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What Sandy showed us
November 2, 2012 - Kylie Saari
One of the things I find most fascinating about the news coverage of huge catastrophes is the human impact.
But it isn't necessarily the stories about how people managed to survive that strike me. It is what they were supposed to be doing if the storm didn't hit.
The story of the family of 13-day-old premie Emma — her family stuck with no way to get to the hospital she was being evacuated from and no way to contact the staff — highlights to me not only the bravery of the hospital staff, but the day-to-day drama of having a premature baby. Hearing about weddings that were supposed to happen, funerals that were disrupted, stores that closed down — even those crazy people who went out for Starbucks during the storm — they are all just fragments of people's lives.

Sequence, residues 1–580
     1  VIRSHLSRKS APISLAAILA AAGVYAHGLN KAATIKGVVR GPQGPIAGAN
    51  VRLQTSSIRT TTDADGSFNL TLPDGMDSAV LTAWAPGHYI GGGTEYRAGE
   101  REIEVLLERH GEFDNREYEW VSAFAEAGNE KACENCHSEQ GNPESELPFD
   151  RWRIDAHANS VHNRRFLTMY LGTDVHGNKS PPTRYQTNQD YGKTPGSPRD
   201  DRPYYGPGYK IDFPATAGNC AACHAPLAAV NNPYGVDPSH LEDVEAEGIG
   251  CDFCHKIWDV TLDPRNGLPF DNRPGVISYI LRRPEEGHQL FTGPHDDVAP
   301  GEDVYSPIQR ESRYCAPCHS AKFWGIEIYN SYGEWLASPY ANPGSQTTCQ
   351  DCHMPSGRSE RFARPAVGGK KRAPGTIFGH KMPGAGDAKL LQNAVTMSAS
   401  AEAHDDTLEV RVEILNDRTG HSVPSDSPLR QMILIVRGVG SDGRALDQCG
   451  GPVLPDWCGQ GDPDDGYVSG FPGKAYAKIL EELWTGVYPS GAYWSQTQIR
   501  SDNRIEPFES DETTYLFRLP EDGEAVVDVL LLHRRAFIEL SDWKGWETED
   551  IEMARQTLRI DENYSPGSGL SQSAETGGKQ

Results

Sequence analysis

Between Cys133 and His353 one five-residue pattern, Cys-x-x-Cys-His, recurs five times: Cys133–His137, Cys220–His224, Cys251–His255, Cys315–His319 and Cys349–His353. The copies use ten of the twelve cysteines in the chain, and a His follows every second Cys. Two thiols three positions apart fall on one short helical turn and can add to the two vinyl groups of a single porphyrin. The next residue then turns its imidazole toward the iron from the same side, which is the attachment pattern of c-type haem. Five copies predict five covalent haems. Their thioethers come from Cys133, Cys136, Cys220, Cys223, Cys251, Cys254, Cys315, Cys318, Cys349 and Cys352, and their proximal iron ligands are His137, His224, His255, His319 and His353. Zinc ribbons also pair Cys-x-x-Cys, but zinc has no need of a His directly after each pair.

It is the fact that every single person has an interesting story that strikes me, before and after a tragedy. How the millions of people without power are managing, how those with mental illness are coping, how each and every person's life is affected is fascinating.
Even outside of the east coast there were disruptions. If I had come home from Romania just one week later, my flight would likely have been cancelled. A wedding of someone in town will go on without east coast family members.
It isn't just in disasters that people are interesting. Everyone is interesting. Everyone has something special about them. It is a privilege my job provides that I get to hear just a fraction of them, and help them be shared with others.
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